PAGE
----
I’ve been keeping my powder dry

Donald TrumpThere’s an old phrase that comes from the 1800s – “keep your powder dry.” It harks back to a time when firearms were fired with black gunpowder, and wet gunpowder wouldn’t fire. The idea was that you wouldn’t be able to use your gun when you really needed it if you let the powder get wet.

Since the election of Donald Trump to be the next President of the United States, I’ve been very busy with work and family, and I’ve been largely focused on what amounts to self-care for my mental and physical health. After all, I’m no good to my family, friends, or coworkers if I’m always fried, mentally and/or physically. And I haven’t been writing much.

What I have been doing is keeping my powder dry.

Today is Inauguration Day. Continue reading

us-flag-distress

Poem for the Trump Inaugural: “The Turning”

us-flag-distressThese truths we hold to be self-evident…

The Turning
     – Samhain 1991

1.
In this dry land 
crickets fear to chirp
for waste of moisture.

Rattlers bleach their bones,
listless in the summer scald.

2.
I don't want to say too much

	for fear of being misconstrued
	or maybe 
	for fear of being understood all too clearly 

so here's your warning –  Continue reading 
S&R Honors John Lennon

S&R Honors John Lennon – a great writer, a great composer, a great man

Despite every attempt to marginalize and discredit him, John Lennon still matters and always will.

” I can’t wake you up. You can wake you up. I can’t cure you. You can cure you.” – John Lennon

John Lennon (image courtesy Short List)

John Lennon (image courtesy Short List)

Mark Twain once described his novel The Adventures of Huckleberry Finn as “A book of mine where a sound heart and a deformed conscience come into collision and conscience suffers defeat.”

Twain’s quote sums up the complex personality of our newest Scrogue, John Lennon – a sound heart often in collision with a deformed conscience.

Lennon’s achievements as a songwriter and musician are indisputable. With his songwriting partner (and lifelong friend) Paul McCartney, he is arguably the premiere composer of the 20th century. As a solo artist he left a body of work that is alternately brilliant, haunting, and petulant. As a writer he is an experimenter of the first order, playing with language in ways that rival Joyce and Beckett.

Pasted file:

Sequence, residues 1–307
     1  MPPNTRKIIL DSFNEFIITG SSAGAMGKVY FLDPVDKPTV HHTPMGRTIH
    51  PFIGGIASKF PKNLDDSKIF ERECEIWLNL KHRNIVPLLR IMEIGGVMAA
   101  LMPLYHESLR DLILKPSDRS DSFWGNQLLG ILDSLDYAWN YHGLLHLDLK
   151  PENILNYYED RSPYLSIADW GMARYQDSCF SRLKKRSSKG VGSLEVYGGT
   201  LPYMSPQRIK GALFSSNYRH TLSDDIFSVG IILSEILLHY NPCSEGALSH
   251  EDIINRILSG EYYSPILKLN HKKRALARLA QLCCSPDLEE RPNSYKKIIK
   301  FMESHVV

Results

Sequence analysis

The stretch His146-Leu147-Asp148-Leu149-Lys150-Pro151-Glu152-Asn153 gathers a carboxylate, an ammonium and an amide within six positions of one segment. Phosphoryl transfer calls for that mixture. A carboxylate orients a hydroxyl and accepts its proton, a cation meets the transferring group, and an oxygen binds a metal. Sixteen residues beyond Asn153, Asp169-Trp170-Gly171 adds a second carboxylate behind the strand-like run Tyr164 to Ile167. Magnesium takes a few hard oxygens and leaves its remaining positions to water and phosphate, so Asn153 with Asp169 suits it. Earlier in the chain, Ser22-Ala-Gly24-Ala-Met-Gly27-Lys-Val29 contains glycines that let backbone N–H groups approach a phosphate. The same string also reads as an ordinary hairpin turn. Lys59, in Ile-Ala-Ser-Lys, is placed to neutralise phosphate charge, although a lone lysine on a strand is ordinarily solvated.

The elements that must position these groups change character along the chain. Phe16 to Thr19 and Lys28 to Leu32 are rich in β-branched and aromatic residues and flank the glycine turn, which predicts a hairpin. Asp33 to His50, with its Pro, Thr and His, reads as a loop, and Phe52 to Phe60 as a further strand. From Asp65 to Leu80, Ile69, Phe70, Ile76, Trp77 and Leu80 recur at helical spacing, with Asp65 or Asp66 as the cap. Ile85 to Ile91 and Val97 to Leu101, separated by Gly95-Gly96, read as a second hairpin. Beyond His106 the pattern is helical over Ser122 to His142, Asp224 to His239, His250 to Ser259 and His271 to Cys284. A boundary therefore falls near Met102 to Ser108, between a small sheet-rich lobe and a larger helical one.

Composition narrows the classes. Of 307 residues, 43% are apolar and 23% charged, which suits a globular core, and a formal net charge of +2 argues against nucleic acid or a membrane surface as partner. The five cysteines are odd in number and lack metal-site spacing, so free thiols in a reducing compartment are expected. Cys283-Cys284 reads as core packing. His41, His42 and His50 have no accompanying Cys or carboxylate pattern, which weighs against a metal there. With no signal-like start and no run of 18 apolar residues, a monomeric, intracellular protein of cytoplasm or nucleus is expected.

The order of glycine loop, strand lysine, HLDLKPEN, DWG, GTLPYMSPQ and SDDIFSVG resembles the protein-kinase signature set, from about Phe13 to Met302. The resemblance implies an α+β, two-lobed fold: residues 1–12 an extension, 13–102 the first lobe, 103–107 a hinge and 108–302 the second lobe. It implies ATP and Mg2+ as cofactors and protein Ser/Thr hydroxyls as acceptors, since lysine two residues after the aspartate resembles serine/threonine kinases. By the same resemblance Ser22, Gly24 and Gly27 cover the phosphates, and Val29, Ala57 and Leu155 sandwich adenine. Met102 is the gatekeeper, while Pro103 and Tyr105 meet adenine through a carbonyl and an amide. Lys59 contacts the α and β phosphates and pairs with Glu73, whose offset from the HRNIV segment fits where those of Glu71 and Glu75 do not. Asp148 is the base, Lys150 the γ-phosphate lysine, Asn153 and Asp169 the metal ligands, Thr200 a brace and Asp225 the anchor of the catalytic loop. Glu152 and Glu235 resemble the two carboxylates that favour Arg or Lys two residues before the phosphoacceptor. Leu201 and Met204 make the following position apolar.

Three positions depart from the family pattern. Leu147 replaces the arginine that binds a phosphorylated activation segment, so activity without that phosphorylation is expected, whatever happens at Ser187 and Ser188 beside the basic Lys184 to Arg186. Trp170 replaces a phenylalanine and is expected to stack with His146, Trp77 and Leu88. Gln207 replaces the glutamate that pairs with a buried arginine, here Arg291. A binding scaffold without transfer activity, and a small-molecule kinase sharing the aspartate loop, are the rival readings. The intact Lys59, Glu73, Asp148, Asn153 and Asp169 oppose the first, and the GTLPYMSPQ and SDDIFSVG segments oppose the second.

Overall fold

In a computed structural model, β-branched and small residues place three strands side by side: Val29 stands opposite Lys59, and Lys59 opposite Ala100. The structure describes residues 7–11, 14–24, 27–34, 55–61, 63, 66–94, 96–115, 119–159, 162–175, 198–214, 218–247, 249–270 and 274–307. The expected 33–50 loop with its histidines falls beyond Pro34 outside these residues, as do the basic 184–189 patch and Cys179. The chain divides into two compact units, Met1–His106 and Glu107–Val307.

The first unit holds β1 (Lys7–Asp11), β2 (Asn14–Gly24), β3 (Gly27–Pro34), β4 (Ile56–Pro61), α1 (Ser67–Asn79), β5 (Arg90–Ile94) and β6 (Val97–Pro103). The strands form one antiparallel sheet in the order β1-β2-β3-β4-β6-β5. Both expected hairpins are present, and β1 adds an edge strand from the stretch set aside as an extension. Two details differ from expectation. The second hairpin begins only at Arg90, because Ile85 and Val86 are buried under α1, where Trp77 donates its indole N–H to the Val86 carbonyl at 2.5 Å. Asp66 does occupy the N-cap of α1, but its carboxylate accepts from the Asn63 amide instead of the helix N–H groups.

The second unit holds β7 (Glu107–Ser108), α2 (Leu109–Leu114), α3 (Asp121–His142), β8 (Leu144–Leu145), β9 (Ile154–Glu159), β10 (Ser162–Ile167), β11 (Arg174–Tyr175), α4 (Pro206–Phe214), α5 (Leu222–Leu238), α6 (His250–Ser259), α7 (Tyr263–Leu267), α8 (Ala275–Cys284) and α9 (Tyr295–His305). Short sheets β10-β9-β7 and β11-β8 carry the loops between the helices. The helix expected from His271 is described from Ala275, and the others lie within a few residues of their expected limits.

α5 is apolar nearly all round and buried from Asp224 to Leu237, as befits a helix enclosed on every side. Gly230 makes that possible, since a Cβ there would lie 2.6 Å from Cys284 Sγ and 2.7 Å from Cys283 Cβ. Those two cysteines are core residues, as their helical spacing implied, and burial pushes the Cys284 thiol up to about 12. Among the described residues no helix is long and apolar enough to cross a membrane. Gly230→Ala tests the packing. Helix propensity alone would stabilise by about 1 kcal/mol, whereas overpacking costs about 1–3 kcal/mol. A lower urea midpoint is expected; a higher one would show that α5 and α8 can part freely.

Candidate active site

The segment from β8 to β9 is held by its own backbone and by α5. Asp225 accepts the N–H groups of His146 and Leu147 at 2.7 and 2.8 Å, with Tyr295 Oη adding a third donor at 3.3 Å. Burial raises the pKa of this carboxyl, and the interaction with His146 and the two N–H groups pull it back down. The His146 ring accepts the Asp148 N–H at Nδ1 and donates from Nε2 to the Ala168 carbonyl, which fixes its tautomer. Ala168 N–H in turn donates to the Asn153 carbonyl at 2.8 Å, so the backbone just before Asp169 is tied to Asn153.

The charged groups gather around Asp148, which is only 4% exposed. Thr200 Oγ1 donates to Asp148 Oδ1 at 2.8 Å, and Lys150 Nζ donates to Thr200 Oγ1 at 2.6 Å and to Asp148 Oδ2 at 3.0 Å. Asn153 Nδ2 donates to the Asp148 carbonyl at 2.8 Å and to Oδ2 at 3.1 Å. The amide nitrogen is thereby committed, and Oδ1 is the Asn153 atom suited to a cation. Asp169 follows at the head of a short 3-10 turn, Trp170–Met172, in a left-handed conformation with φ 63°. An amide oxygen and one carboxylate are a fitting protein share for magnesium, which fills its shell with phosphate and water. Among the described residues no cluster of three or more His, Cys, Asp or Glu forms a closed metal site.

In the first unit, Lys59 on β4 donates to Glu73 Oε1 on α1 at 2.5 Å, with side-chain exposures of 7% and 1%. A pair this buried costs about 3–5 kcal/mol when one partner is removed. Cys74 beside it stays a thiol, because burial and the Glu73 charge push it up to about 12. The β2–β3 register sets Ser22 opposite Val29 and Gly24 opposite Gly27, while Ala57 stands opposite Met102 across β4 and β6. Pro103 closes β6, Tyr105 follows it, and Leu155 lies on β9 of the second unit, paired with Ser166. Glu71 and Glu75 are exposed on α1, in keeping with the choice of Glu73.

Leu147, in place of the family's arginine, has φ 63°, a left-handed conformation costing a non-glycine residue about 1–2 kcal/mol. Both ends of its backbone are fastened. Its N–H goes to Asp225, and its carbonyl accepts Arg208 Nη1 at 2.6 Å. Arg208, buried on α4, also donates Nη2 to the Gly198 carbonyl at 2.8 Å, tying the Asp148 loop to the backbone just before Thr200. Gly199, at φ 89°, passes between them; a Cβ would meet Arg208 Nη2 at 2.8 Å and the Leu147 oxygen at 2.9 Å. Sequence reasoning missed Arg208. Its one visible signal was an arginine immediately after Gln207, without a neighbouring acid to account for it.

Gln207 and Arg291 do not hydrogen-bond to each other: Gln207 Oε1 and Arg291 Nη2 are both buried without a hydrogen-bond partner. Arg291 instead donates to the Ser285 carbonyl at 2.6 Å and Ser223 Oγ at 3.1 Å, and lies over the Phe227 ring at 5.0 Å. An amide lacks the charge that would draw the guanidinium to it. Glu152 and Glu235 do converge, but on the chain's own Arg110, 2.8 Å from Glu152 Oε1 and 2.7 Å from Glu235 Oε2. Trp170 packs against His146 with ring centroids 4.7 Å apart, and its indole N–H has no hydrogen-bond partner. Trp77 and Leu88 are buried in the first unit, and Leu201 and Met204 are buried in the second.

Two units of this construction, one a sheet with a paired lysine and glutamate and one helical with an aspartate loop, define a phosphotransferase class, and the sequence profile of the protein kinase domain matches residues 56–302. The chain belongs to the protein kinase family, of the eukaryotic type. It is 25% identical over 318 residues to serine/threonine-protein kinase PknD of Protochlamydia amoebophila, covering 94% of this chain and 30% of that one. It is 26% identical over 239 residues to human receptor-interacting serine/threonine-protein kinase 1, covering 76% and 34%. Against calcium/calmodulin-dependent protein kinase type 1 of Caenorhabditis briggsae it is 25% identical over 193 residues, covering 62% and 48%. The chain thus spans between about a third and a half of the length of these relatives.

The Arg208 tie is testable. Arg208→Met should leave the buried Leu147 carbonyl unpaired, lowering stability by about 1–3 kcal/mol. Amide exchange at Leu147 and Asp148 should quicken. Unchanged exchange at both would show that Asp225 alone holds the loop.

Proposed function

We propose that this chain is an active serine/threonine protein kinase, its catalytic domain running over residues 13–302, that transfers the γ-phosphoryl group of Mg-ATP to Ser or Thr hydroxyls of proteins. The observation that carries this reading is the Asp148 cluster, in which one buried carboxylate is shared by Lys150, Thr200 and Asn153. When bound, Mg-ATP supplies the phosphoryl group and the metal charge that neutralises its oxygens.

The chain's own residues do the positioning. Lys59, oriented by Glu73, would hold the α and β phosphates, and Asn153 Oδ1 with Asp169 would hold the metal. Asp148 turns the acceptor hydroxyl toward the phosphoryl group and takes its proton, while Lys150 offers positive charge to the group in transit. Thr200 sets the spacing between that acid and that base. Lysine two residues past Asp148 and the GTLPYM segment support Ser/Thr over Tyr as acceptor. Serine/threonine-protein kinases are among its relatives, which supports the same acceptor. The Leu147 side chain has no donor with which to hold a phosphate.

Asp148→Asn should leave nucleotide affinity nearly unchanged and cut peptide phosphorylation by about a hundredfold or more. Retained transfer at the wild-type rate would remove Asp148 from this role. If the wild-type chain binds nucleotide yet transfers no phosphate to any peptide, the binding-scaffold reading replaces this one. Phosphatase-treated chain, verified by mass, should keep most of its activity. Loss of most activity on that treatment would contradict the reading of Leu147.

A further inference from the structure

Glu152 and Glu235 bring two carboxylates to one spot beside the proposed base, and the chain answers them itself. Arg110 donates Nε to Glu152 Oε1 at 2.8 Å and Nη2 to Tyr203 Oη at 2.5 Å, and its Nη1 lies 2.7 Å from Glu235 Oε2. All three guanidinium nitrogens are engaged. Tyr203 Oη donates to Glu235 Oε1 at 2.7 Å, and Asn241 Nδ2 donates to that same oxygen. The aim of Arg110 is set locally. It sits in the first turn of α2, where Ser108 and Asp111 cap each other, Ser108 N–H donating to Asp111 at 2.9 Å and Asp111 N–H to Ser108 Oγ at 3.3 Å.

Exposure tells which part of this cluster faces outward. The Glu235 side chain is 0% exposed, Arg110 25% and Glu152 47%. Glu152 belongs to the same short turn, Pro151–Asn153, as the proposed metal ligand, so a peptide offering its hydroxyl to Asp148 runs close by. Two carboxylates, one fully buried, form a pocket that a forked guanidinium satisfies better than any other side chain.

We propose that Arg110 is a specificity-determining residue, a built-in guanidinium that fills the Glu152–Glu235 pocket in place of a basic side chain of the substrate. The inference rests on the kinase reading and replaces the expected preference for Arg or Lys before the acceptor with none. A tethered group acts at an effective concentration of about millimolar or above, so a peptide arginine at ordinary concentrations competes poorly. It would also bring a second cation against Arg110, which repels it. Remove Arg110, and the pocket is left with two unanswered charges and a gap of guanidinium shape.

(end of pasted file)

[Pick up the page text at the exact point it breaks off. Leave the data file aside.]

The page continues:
Even as we enter an age of not just indifference but open hostility to artistic achievement, his genius is undeniable. “If there’s such a thing as a genius – I am one. And if there isn’t, I don’t care” he once said of himself.  Continue reading

Dear Jerry Jones: please live forever

What’s the longest an NFL GM has lasted without winning a playoff game, anyway?

In case you missed it, the Green Bay Packers executed a miracle yesterday to get golf season started for the #1 seeded Dallas Cowboys.

In the 1995-6 season Troy Aikman led America’s Team® to a 27-17 win over the Pittsburgh Steelers in Super Bowl XXX. In the 21 seasons since that glorious day in Tempe, the Cowboys have: Continue reading

Politics: Democrats vs Republicans

Obama, Holder to lead fight against gerrymandering

Competition is good. Free markets are good. Give everyone a shot at the brass ring. Get rid of regulations that stifle competition and opportunity.

Thus spake many a Republican (and often a Democratic) politician, saying they only want to hand business interests in America a clear road to economic growth and apparent prosperity for all.

So why do those same politicians, at federal and state levels, balk at attempts to introduce competitiveness in elections?

What, you say? American state and federal elections are not competitive? Continue reading

books

Book Review: Goldhead by J. Haviland

Goldhead is the best kind of novel of its genre – it is a novel that provides a great ride even as it reiterates a great lesson.

“People start acting stupid when a lot of money is involved, even people you think you know.” – J. Haviland, Goldhead 

Goldhead by J. Haviland (image courtesy Southern Yellow Pine Publishing)

Goldhead by J. Haviland (image courtesy Southern Yellow Pine Publishing)

J. Haviland’s novel Goldhead is a couple of things at once: it’s a caper story (the modern thread of the story follows a group of WWII vets hired in 1959 by a shady tycoon to find a lost Spanish galleon’s treasure); it’s a history lesson (Haviland creates a fictional explorer’s journal similar to that of Bartolomé de las Casas that tells a parallel story of  a 16th century conquistador’s expedition driven aground on the Florida coast by a hurricane that ends in disaster for all but the chronicler). Overarching both these narratives is the lust for gold – a fortune in gold from the Spanish colonial era that drives the behavior of the conquistador and his crew as well as that of the WWII vets and their crooked boss.

The novel is composed in alternating chapters and alternates between the Spanish expedition and the 1959 treasure seekers. Two things become obvious for the reader as this alternating plot structure unfolds: Haviland handles this plot structure beautifully, and avarice and greed separated by 430 years act in exactly the same way upon 16th and 20th psyches. Continue reading

Dinosaur child

With the short arms but hardly any roar…

While an orderly transported my wife from the ER to her private hospital room, a dinosaur child came calling in the hallway…

(Kaiser Permanente, South San Francisco, California 2017. See my other work here.)